Myanmar: How quickly things can change

October 26, 2012,
Yangon, Myanmar.

How quickly things can change.

It seems like just yesterday that Burma was de facto part of the axis of evil. At the time, the military junta was jailing any and all dissidents. The country was heavily sanctioned. Hell, they even based the plot of the final Rambo movie here, the one featuring an aging Sylvester Stallone vanquishing Burmese soldiers at point blank with a .50 calibre machine gun.

(For what it’s worth, the Rambo story is partly true; there has long been an outfit of Vietnam-era US Special Forces troops operating in the country, training rebels, and stirring up dissent.)

Today, though, it’s a completely different picture. At least, officially.

Sanctions have been eased, leading dissident Aung Suu Kyi is an elected official, and Burma is being welcomed back into the global community. Both British PM David Cameron and US Secretary of State Hillary Clinton have visited the country, solidifying the newfound goodwill.

What this ultimately means is that the country is now open for business.  Sort of.

If you ever saw the movie ‘Big’ with Tom Hanks, you may recall the story– a young boy wakes up one day as a fully grown adult and is forced to face the big, mean world. That’s sort of what’s happening in Burma.

This is a place that has been so backward, so isolated, you could scarcely find an ATM machine anywhere in the country just a few months ago. For the longest time, this has been a largely cash-based society, and international banking transactions were just a distant fantasy.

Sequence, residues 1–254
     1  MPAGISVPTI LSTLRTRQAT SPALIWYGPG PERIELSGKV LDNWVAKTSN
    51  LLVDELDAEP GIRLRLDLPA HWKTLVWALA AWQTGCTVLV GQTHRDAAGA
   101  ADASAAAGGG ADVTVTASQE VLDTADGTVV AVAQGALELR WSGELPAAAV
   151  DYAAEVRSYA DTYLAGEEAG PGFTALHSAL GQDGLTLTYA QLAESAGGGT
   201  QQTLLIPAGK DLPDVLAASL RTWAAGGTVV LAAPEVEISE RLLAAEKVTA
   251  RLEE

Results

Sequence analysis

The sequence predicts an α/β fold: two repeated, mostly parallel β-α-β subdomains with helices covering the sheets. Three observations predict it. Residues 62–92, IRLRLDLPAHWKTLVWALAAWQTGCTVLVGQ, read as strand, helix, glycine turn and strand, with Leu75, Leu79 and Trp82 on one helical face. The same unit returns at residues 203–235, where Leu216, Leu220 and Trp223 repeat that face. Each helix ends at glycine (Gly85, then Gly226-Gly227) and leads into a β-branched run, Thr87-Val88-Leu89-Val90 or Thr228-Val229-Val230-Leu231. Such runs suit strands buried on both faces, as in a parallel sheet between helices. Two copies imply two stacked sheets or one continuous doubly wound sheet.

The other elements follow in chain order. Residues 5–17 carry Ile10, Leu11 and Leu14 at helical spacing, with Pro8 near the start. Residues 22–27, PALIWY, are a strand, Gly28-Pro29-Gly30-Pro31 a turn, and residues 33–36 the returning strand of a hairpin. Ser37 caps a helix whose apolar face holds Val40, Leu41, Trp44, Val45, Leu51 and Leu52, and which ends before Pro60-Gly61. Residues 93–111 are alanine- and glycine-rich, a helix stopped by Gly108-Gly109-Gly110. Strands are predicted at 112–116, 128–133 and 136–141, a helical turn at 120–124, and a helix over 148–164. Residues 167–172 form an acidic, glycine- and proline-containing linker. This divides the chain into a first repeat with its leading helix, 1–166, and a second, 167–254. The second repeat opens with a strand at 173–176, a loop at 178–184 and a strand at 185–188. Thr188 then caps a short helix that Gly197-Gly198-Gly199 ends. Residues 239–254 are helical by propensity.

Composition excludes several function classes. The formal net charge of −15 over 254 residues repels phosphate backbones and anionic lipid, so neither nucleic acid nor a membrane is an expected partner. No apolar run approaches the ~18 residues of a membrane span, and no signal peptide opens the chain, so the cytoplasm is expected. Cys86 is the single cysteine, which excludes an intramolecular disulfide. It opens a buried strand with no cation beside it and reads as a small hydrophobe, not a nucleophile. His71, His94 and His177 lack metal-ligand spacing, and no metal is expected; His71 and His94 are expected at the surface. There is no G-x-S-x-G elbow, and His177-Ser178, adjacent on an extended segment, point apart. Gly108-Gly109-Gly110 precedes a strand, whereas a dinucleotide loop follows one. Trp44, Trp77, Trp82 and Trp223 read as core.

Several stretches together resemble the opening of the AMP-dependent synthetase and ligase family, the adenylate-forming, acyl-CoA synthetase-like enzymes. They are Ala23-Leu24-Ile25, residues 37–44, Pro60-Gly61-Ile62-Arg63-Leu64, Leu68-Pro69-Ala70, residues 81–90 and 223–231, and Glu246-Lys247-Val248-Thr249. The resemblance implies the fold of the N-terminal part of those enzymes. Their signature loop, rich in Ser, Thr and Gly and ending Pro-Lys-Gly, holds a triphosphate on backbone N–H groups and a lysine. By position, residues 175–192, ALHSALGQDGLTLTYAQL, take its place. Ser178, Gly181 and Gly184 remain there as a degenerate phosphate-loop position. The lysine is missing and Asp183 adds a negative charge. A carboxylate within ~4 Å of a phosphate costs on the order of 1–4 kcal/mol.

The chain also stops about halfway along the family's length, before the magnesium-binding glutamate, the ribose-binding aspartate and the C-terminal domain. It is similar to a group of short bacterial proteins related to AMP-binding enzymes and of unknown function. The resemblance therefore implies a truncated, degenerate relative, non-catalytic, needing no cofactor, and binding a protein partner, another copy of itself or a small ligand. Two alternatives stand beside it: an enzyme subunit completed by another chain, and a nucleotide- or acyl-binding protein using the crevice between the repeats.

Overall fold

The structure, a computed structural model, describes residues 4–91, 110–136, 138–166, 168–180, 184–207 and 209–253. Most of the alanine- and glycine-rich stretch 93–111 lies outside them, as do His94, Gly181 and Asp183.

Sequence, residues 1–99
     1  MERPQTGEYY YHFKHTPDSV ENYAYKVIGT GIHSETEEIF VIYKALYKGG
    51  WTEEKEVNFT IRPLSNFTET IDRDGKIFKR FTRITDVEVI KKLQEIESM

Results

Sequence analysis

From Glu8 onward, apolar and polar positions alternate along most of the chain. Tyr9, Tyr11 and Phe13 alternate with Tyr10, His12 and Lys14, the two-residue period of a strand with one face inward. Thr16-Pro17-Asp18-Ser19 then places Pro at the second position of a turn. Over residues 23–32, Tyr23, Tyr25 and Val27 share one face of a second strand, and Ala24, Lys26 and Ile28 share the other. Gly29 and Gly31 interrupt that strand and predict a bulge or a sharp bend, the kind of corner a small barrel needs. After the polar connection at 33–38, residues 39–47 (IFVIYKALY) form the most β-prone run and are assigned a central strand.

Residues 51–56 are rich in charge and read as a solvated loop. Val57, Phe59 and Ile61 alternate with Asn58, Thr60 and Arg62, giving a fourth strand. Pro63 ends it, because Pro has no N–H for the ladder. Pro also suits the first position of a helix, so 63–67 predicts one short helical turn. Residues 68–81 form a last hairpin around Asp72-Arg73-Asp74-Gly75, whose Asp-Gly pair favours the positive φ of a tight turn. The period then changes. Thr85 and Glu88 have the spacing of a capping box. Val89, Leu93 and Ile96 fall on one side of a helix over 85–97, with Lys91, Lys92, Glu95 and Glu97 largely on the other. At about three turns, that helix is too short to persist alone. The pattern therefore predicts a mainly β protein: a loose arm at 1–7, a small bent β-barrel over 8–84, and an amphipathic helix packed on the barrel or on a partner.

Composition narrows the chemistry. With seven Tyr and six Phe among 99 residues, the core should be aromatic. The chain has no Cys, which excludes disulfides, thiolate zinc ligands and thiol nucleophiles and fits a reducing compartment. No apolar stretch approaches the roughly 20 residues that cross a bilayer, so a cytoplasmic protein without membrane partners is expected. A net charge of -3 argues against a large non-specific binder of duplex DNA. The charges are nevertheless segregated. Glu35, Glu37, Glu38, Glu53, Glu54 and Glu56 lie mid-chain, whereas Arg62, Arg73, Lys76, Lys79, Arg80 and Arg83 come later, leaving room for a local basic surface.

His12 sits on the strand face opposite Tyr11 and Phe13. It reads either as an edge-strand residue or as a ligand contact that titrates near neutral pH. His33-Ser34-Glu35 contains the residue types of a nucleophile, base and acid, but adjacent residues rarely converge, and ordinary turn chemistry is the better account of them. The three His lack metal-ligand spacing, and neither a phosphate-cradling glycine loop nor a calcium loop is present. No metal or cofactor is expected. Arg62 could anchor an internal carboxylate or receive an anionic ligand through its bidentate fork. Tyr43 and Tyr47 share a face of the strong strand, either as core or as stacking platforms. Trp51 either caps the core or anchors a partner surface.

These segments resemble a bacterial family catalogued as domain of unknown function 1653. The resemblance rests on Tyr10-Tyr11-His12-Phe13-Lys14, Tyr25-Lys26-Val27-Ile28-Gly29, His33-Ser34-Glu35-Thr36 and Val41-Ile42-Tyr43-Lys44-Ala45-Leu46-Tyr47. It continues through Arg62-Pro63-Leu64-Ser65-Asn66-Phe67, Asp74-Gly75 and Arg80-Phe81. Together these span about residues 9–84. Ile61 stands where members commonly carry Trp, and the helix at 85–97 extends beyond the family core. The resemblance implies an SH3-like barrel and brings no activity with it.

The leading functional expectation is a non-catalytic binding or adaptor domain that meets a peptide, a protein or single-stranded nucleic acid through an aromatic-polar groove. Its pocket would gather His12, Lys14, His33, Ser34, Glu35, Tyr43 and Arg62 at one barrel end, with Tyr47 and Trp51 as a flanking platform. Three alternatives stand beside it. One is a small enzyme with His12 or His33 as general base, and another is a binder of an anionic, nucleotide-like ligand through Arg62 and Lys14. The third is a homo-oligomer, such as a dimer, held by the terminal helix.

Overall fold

Burmese monks







This is all starting to change. Slowly. Like the Hanks movie, the country and culture aren’t particularly equipped to dive head first into the world. It will take time. They badly need telecommunications and IT infrastructure. And they need a proper financial system to facilitate payments and trade. It’s very difficult for real business to get done without these resources.

But right now it’s a chicken and egg game. A lot of big companies are watching and waiting for everyone else to jump in– just because sanctions have been eased and the market is opening up doesn’t mean that it’s a favorable business environment. So the deals are very slow going.

Long-term, it’s going to be a great place to invest. This is a hugely resource-rich nation with a population of 60 million. That’s practically the size of neighboring Thailand… yet the GDP per capita is a fraction of the size. There’s a ton of room for growth. And you can expect the foreign investment to come pouring in over the next few years.

The new stock exchange is scheduled to come online in 2015, and this will greatly advance the ability to raise capital and bring foreign investors into the country.  But for now, the deals tend to be private. I know a number of foreigners with boots on the ground who are trying to get in early with a business or fund.

If you really want Burma exposure now, there are several Singapore-listed companies which have substantial operations in the country.  Interra Resources, for example, has onshore oil rights, while Ginnacle Import-Export is heavily invested in Burmese teak plantations.

I’m not much into public companies and am looking at a few private deals here… so I’m not formally recommending these stocks. But if you’re interested, you can take a position by opening an account online with Boom Securities out of Hong Kong.

About the author

James Hickman (aka Simon Black) is an international investor, entrepreneur, and founder of Sovereign Man. His free daily e-letter Notes from the Field is about using the experiences from his life and travels to help you achieve more freedom, make more money, keep more of it, and protect it all from bankrupt governments.

Get our latest strategies delivered
straight to your inbox for free.

Discover our most read content below...

Share via
Copy link